Source: Gold Coast Bulletin, 10 December 2008
HE’S the snake-loving battler who won’t live in his million-dollar mansion because he can’t eat hamburgers on its white suede chairs.
Only a few weeks after winning a $1.8 million RSL Art Union raffle, Brisbane man John Glaister has turned his back on living at one of the Gold Coast’s most exclusive waterfront resorts.
The 46-year-old forklift driver is still unemployed and cannot get work after breaking an ankle during a fall down stairs when moving into a rental property at Greenbank.
Mr Glaister spends his days visiting his mother Betty, who needs hospital care for a serious heart condition, going to specialists to check on his broken left ankle or hobbling into banks, which refuse to give him a loan to cover his living and medical expenses.
“The banks won’t talk to me because I haven’t got a job,” Mr Glaister told The Sunday Mail. “I’m about to sell a house for $1.6 million but they won’t lend me $50,000.
“I’m a millionaire and I can’t get a loan to save my life.
“My money is in property – what is going on?”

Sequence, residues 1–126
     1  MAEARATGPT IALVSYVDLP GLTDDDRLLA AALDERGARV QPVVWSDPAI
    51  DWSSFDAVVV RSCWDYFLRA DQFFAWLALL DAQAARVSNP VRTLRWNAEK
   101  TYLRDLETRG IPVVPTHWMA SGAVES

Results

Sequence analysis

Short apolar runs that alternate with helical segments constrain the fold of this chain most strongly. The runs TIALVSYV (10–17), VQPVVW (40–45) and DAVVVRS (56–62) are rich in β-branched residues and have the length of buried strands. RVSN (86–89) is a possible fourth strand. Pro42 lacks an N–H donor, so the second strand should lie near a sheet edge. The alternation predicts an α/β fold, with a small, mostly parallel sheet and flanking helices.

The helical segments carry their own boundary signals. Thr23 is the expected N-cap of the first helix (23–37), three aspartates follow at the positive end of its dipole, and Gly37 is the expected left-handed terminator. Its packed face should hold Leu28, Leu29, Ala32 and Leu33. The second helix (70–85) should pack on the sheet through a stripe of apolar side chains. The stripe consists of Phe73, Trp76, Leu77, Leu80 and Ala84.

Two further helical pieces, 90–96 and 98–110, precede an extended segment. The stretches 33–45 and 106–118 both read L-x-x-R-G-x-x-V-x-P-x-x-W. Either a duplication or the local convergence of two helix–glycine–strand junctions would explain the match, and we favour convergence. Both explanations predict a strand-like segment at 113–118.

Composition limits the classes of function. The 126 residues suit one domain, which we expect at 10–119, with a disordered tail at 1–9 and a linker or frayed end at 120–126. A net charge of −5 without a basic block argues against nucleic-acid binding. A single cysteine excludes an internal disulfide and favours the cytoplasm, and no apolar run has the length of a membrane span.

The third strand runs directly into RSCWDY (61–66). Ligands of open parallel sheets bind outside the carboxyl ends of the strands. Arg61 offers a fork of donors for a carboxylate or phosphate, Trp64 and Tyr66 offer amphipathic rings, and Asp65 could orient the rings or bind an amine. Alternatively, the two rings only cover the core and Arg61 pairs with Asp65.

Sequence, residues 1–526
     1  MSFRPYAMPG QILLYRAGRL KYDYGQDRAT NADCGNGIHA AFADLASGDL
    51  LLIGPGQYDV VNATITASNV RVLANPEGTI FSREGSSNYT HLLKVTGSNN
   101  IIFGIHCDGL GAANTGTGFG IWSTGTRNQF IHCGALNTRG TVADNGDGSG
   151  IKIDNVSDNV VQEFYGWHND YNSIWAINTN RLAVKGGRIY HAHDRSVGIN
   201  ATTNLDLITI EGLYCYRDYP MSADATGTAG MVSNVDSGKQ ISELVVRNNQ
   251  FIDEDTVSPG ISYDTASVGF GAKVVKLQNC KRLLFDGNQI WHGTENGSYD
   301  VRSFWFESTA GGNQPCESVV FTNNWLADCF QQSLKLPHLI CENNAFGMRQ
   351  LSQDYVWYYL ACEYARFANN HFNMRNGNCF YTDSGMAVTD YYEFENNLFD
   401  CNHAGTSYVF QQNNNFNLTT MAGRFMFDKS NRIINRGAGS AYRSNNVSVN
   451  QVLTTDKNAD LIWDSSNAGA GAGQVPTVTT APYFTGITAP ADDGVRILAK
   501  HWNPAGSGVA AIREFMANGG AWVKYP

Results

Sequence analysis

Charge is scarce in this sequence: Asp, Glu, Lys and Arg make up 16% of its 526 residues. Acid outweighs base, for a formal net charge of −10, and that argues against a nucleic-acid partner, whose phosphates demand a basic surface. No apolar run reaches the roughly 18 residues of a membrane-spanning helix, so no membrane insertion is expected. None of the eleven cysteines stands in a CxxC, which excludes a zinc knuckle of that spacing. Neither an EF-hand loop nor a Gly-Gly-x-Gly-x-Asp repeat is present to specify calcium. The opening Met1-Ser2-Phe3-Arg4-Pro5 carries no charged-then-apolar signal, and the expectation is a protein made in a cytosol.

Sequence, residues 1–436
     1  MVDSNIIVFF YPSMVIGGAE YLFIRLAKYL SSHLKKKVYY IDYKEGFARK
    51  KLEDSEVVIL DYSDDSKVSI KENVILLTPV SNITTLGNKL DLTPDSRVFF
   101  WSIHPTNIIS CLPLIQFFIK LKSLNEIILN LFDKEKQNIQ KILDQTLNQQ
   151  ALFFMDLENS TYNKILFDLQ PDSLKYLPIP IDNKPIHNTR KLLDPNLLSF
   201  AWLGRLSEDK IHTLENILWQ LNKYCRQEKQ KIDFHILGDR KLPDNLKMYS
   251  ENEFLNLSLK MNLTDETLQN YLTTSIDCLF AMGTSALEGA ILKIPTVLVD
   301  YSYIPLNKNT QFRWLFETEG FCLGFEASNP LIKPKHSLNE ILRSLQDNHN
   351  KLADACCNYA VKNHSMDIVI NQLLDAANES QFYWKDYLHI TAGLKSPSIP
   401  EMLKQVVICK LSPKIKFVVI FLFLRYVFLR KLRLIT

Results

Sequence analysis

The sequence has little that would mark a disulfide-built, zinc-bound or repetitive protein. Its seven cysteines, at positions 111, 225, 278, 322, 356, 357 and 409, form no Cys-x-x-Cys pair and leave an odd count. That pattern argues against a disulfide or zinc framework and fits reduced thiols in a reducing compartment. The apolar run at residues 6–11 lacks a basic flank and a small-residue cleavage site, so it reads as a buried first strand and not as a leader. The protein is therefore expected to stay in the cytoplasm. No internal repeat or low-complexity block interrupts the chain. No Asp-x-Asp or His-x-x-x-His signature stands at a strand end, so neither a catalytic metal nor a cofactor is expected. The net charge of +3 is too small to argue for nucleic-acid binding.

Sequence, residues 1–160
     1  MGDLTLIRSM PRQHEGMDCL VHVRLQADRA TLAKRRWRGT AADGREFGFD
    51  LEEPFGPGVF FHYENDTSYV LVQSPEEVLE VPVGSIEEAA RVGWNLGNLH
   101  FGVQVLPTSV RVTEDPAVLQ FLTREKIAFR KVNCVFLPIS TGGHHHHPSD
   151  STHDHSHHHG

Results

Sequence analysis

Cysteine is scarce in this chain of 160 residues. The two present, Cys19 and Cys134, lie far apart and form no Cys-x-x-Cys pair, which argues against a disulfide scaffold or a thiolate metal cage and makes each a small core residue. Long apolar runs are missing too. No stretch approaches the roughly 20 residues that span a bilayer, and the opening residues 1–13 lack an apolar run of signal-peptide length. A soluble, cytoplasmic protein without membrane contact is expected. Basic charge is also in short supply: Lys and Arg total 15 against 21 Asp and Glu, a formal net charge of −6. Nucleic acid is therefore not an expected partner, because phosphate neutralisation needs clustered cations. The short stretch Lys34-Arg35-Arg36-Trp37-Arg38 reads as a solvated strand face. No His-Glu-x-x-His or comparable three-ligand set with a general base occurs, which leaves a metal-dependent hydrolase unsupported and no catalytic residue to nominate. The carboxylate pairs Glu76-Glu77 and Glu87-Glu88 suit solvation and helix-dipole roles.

The banks decline to comment on Mr Glaister’s previous credit history for privacy reasons, but argue loans cannot be approved in the current economic environment to people who are not earning a living.
While Mr Glaister is forever grateful for the RSL changing his life after he won the fully furnished Hope Island mansion, the real positive financial changes are yet to flow through to the former navy able-seaman’s life.
“I have $30,000 in gold bullion, but I spent most of that,” he said. “I paid off prior debts. You have to understand I was on the bones of my arse before I got sacked.”
Mr Glaister and his close friend Tanzen have moved into a Greenbank rental which he said was a dump but made a suitable home for their pets.
He has visited his Hope Island waterfront home six times since he won it in late October, and last month decided to put it in the hands of real estate agent Kevyn Willmott.
The house and land is worth $1.65 million and the luxury four-bedroom home contains $170,000 in furnishings, including giant plasma television screens. “There’s super-flash chairs. They’re white suede. You wouldn’t eat a hamburger on them,” Mr Glaister said.
“It’s all too much for me.”
After selling the house and giving a hand to friends and family, Mr Glaister wants to find a suitable property before embarking on his dream of building a business and fishing in the Whitsundays.
“We keep reptiles – about 40 or 50 snakes. And we keep rats and mice to feed them. They don’t want rats and mice around here.”